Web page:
Why I Inspire Kids With Code
Posted on 3
My name is Lucas Marcelli, and I'm the Managing Director here at Code For Kids. For my very first blog post I'm going to share the experience I had growing up with computer programming on the forefront of my interests, and why I think Code For Kids is the most important thing I've ever done.
My dear brother went to University for IT. I had always been interested in computer programming, because I wanted to make video games like Half Life, so when I saw his textbook that said "Java 1.4: The Essentials" I asked him if he could teach me.
His response was to hand me the textbook and say "Have fun!"
This was 2001. There was no internet as we know it today. There was no Code Academy, W3Schools, Stack Overflow or Code For Kids to help me out. I had a textbook and a computer with a 4 gigabyte hard drive and 256 MB of RAM. I installed the Java 1.4 JDK and opened up the textbook.
A little aside: nowadays Java is a pretty robust language that has some really legitimate uses. It works well and building things in it is easy and sometimes fun. However, Java 1.4 was called the "teaching language" in its day because not only was it a mess to code in, but it simply wasn't useful for, well, anything. It probably wasn't the best thing for a 9 year old to be learning out of a textbook but hey, it taught me some perseverance.
The first thing I did was utterly fail. I opened up a command prompt, typed "javac helloworld.java" and... javac is not a recognized batch command....
Now, this is the point where most kids would probably give up. I'm still not sure why little me opened up the textbook and figured out how to edit the system PATH to include Java, but I wanna go give him a high five. I tried compiling again and the computer said "Hello World" to me. I still remember the feeling when I made the computer do something that I wanted it to do. I was instantly hooked and kept working at it. Over the next couple years I learned to do some pretty nifty things, like graphics. As a kid I was also really into astronomy (still am!) and once we got internet I figured out how to create a Java program that could tell me the positions of the planets on any date and time, with stunning accuracy. That was the first time I did something really big and I still remember the feeling I had when I completed it and then used it to check where the planets were the day I was born. I felt like I created something real that could do actual things. That feeling of accomplishment was so unreal because it was difficult to get that feeling at such a young age.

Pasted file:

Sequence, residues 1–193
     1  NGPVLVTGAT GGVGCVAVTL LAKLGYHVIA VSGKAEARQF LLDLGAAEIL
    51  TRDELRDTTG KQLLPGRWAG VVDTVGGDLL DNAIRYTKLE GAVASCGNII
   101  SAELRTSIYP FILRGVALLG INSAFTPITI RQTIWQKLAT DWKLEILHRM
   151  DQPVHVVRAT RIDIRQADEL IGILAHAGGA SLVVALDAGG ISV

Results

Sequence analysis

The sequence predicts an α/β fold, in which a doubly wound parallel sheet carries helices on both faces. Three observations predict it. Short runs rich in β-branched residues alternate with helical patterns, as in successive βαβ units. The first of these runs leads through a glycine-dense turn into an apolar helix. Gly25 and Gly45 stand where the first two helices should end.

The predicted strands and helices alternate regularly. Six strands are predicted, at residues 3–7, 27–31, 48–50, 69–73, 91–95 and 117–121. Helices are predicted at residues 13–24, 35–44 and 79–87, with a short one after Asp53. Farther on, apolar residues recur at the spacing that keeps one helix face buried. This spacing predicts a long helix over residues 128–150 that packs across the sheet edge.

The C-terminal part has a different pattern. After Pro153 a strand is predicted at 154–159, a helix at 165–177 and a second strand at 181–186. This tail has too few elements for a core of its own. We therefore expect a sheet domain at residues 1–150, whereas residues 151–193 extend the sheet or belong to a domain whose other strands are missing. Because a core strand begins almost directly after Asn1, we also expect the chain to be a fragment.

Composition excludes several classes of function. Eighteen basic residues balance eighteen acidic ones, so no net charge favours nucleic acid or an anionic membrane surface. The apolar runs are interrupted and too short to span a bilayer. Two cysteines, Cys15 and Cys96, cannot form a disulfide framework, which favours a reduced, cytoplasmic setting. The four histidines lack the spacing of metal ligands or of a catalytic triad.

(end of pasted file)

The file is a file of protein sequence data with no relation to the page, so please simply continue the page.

This is why I am a part of Code For Kids. I want kids to have that feeling. I want them to do something real and be able to look at their work and think: "Wow, I did that?"
I want them to have a skill that is becoming really essential to the way we live our lives.
Most of all though, I want kids to be inspired by coding. I want to show them how they can build anything by knowing how a computer works and I want them to have the tools to do so.
Cofounder and Managing Director @ Code For Kids